A world in flames
More than 25 years have passed since Pope John Paul II invited representatives of the world's religions to Assisi to pray together for world peace. And for more than 25 years, the Community of Sant'Egidio, which was founded in 1968, has been keeping the spirit of Assisi alive despite all the resistance in the Catholic Church – particularly as it looked for a while after the end of the East/West conflict as if the "clash of cultures" was no longer an inevitable fate.
Bit by bit, the men and women of the "UN of Trastevere", as the Vatican refers to them with a mixture of envy and admiration, have built up a network of contacts to religious leaders and politicians all over the world in order to foster trust.
It did not take long for tangible results to be achieved. In 1992, Andrea Riccardi, the founder of the community, and Matteo Zuppi, today one of the auxiliary bishops of the Diocese of Rome, were instrumental in bringing about peace between the FRELIMO and RENAMO camps in the civil war in Mozambique.
Barbarism in today's world
Zuppi returned to Mozambique a few weeks ago to once again mediate between the two opposing parties in advance of the presidential elections. Yet he is certainly not the only one to experience how fragile peace is: the shadows of war and barbarism have not loomed as darkly over any of the community's 28th international peace meetings as they did over this one, which began on 7 September in the Belgian port city of Antwerp.
When colourfully clothed religious leaders and members of the Community of Sant'Egidio from across the globe crowded into Antwerp Cathedral on that Sunday morning, the appearance of the cheerful routine of a peace meeting was deceptive. And when Ignatius Aphrem II, the Syriac Orthodox Patriarch of Antioch, spoke in his sermon of the threat of extinction faced by the Middle East's religious minorities, it didn't matter how much light was flooding through the windows of the Gothic edifice, everyone knew that outside, the world was in flames.
As if it were not enough to remind people on this September day of the outbreak of the First World War one hundred years previously and, as Antwerp's Mayor Bart de Wever noted, of the Second World War and the port city's liberation from German occupation on the exact same day seventy years previously, the horrors of the present day resounded in the public testimonials and many personal conversations that took place during the meeting.
Unequivocal rejection of religiously motivated violence
Andrea Riccardi himself was the one to destroy the last remnants of any illusion of peace in his opening address. In Ukraine, war has returned to European soil; political orders in the Near and Middle East have collapsed completely; more and more nations are unable to protect the lives of their citizens; the containment of martial force by means of international conventions has been turned on its head to an extent never seen before by the targeted showcasing of atrocities as a means of propaganda: terrorism as a cult of dehumanised violence that is often legitimised by violence. Is this the Third World War of which Pope Francis recently spoke, consuming today's world bit by bit?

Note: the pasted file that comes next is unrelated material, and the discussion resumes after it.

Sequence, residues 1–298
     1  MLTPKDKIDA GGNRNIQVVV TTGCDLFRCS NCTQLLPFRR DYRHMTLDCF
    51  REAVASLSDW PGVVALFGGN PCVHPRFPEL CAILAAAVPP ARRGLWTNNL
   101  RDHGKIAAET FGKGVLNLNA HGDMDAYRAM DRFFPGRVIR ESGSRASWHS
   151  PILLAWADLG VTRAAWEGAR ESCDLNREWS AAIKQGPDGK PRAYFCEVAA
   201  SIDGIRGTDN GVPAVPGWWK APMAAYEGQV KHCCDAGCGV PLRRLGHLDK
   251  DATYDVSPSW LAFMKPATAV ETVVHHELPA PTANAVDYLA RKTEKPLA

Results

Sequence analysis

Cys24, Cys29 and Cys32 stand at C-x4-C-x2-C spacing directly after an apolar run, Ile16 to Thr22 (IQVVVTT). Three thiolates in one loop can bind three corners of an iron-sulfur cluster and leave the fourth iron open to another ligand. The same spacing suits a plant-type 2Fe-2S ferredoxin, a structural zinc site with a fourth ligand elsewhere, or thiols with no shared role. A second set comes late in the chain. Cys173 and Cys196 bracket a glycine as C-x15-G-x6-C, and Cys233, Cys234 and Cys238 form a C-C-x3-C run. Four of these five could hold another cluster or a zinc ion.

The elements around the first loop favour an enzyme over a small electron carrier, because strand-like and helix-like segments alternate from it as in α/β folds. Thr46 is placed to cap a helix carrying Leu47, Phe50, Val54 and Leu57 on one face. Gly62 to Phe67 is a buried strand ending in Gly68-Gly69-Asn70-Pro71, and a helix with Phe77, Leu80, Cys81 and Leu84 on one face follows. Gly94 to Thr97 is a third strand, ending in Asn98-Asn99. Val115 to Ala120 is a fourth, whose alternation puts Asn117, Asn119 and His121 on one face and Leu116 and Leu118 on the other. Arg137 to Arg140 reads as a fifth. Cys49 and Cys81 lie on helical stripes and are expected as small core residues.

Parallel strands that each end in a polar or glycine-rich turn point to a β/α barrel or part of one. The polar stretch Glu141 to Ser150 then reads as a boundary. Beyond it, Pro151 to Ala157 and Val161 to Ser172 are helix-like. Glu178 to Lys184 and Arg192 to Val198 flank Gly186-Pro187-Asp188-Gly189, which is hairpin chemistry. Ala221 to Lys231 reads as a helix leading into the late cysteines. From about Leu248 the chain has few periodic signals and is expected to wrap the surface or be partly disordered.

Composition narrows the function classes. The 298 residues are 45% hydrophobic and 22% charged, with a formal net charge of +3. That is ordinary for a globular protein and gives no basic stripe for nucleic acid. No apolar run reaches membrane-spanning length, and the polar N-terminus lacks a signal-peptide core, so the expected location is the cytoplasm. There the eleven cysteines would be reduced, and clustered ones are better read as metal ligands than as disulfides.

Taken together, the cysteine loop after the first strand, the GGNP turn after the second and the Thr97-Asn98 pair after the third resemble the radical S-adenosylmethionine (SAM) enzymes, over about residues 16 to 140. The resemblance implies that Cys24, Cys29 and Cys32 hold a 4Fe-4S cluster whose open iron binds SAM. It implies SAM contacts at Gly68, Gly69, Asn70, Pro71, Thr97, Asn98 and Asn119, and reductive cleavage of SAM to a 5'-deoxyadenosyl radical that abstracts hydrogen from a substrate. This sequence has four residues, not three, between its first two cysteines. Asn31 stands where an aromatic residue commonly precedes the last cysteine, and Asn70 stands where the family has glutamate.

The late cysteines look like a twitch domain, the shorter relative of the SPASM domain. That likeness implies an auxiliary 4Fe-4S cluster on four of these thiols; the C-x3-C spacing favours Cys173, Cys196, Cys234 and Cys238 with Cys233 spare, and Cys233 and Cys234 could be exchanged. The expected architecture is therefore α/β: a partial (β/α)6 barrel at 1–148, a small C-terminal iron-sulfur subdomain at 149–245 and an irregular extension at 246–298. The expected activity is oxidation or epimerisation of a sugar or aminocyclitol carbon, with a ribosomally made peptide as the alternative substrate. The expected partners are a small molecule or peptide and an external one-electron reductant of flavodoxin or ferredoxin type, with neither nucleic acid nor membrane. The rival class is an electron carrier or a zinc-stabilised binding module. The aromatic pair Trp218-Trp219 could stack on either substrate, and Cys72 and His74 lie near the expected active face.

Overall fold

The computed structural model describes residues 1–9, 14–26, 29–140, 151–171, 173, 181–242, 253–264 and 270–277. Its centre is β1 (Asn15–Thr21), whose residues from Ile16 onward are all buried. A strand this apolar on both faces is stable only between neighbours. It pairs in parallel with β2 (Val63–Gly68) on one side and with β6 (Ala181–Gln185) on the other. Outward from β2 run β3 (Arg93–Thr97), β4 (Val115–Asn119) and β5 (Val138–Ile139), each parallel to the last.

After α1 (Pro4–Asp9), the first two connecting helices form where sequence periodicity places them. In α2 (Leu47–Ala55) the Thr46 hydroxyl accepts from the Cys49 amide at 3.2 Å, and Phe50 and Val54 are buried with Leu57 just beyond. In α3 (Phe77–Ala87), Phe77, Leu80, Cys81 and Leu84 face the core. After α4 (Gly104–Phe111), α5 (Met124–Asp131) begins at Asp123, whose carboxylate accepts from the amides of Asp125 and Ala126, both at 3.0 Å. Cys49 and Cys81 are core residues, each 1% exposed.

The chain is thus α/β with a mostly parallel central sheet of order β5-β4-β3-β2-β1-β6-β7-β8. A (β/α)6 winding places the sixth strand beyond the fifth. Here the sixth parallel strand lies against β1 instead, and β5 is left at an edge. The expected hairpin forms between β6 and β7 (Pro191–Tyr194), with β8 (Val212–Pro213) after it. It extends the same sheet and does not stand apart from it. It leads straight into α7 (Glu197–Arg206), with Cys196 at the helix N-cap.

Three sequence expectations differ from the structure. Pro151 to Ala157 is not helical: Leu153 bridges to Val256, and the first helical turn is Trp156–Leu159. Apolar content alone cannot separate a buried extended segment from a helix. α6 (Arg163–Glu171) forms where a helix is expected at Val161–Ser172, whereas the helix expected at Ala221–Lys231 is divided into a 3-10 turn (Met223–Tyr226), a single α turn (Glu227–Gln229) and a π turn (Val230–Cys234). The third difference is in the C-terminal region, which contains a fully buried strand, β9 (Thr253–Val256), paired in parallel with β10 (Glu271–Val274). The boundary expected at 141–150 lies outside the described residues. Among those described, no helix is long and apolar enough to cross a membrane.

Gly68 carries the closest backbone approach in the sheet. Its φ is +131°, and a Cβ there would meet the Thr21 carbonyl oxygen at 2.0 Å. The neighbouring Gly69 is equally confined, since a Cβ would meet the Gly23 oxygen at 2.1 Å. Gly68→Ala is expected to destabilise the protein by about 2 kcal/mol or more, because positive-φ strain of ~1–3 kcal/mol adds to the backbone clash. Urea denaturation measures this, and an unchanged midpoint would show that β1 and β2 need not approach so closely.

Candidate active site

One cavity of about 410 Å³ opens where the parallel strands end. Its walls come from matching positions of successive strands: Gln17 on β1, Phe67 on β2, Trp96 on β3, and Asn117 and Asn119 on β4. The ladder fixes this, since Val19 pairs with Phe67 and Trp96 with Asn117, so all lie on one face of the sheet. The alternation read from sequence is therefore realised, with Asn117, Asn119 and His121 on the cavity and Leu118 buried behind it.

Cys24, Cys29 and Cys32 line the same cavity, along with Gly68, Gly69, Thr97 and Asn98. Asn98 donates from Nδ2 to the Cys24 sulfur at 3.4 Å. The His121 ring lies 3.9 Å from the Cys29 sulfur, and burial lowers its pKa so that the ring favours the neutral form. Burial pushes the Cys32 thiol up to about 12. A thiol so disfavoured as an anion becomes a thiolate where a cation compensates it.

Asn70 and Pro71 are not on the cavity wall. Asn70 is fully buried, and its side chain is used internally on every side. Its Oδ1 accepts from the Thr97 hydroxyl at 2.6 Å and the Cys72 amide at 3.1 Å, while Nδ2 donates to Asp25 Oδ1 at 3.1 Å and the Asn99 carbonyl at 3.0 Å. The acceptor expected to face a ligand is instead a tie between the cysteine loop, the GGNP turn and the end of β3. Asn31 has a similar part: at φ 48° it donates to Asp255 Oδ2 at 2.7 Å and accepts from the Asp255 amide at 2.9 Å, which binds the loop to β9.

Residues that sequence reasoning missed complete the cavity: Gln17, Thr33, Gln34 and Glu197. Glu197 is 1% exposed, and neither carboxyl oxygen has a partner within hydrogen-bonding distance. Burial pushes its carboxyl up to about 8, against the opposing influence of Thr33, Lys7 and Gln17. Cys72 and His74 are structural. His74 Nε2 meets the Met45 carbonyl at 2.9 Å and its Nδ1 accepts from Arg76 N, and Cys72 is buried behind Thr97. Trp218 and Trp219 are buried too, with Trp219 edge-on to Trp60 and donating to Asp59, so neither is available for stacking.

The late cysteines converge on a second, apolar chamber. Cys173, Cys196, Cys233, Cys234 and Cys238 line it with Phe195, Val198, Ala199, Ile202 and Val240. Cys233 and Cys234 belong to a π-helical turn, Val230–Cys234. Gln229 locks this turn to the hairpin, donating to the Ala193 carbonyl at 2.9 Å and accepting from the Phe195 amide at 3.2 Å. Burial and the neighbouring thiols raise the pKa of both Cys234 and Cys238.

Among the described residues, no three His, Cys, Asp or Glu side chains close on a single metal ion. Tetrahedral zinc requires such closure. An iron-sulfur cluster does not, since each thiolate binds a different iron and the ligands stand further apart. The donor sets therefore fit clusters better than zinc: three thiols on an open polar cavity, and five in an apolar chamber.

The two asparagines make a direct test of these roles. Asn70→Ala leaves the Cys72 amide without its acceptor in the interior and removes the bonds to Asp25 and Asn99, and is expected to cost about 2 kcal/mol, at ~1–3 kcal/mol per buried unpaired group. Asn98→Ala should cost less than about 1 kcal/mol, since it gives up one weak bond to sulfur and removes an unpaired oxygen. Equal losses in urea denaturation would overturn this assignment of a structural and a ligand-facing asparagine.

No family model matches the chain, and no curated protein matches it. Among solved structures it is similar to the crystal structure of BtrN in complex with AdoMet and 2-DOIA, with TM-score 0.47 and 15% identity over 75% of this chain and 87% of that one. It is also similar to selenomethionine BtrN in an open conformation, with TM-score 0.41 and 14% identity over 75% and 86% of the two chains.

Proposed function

Vian Dakheel is the only female member of the Iraqi parliament. When she spoke, telling of her personal experience of the suffering of her people, the Yazidis, the listener suddenly felt transported back in time to that hell of lacerated bodies, obliterated villages and antediluvian, omnipresent death into which Europe sank one hundred years ago.
Ignatius Aphrem II did nothing to dispel these grim thoughts when he spoke of ruined Syrian towns and destroyed churches in which refugees fight for their survival.
By contrast, the audience was taken aback when Shawki Ibrahim Abdel-Karim Allam, the Grand Mufti of Egypt, took the floor. Nobody had ever before heard the highest religious authority in Sunni Islam deny so categorically that acts of violence could ever be committed in the name of Islam.
Quite apart from the Grand Mufti's statement, the main message to come out of Antwerp was this: everywhere in the Islamic world, sheikhs, imams and emirs are prepared to take concrete action to condemn the perversion of their religion for the purpose of violence.
When Muhammad Abdul Khabir Azad, the Grand Imam of Lahore Mosque in Pakistan, and Paul Bhatti, brother of the Pakistani Minister for Minorities who was murdered in 2010, travel to the hotspots of religious violence in that region in order to stop a fanatical mob from destroying Christian villages, or when Christian and Muslim authorities in Nigeria join forces to bear witness against Boko Haram and to break the vicious cycle of poverty and fanaticism, then we see a faint glimmer of the peace that is the goal of every true religion.
© Frankfurter Allgemeine Zeitung 2014
Translated from the German by Jennifer Taylor